Loic: So one of the interesting things about this study is that it was actually in many ways more about how you implement a change and how you design an initiative to maximize your chances of success, as it was about assessing a particular approach to assessment. Because actually I think often it's more about how you implement something, then that becomes a really important determinant of how successful any approach to assessment is. So key within that is tailoring every form of assessment to its intended purpose because as we showed in our first report, the Testing the Water report and as people like Daisy Christodoulou have been arguing for a long time, a lot of the problems with assessment come from the muddying that happens when assessment is trying to serve formative purposes and summative purposes and accountability purposes and every other purpose under the sun. All through one assessment and that can cause huge problems. So I think one of the most promising things when I look at assessment innovation is it's sort of micro assessments or that are really tailored to their purpose. So we saw teachers who were really effectively using those rapid quiz type assessments in order to identify misconceptions quickly so you can change tack and adapt your teaching quickly. And those being key to to that form of that formative continuous assessment and accepting that that won't be the basis of your your summative judgments and that those are a separate thing but really disentangling some of those confused purposes.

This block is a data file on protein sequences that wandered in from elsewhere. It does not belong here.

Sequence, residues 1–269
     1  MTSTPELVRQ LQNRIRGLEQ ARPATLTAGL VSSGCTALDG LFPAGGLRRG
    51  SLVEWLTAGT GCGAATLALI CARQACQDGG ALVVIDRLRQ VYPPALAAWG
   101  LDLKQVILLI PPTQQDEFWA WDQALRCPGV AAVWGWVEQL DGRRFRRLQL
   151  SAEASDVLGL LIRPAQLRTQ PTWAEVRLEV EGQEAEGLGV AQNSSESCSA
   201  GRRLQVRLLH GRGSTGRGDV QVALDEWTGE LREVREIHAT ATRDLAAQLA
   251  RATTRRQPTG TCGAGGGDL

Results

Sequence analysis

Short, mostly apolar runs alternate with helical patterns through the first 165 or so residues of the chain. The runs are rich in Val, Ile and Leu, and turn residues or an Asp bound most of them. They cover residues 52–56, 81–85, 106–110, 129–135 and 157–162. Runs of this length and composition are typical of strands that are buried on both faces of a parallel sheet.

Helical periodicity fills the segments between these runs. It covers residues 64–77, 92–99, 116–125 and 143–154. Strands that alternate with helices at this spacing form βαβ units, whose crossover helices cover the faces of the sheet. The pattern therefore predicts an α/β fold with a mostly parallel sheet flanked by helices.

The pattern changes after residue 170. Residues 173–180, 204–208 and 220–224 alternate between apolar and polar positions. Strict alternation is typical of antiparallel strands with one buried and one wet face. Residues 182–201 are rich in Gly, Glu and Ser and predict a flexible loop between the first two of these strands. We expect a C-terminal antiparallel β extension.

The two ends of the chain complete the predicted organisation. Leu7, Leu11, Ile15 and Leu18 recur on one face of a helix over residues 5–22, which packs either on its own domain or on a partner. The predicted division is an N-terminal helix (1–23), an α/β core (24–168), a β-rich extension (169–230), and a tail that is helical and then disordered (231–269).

Penelope: I think you've spoken before about the need for knowledge sharing and that is something that is part of this report as well. What do you think are the best ways to support people in their innovations and to share their successes?
Loic: Yeah well I think something like the Assessment Network that you have is really important for exactly that reason, because we argue in Making Waves that preparing to innovate is key and when we looked at, you know a lot of initiatives we looked at had all sorts of problems and weren't necessarily successful which was part of what we were trying to study and what we were finding quite often is that people were drawing on very limited sources of information to in order to shape their initiatives. A small number of names of researchers would come up repeatedly or people would be picking from a limited repertoire. So I think one of the things we were trying to do with this report was exactly that, that exchange of knowledge giving different examples. So connecting teachers up to talk about the different approaches they're taking and ensuring that every time a practitioner finds an an issue with assessment that they want to take on as a challenge, that they read read widely about it and search for other examples before trying to reinvent the wheel.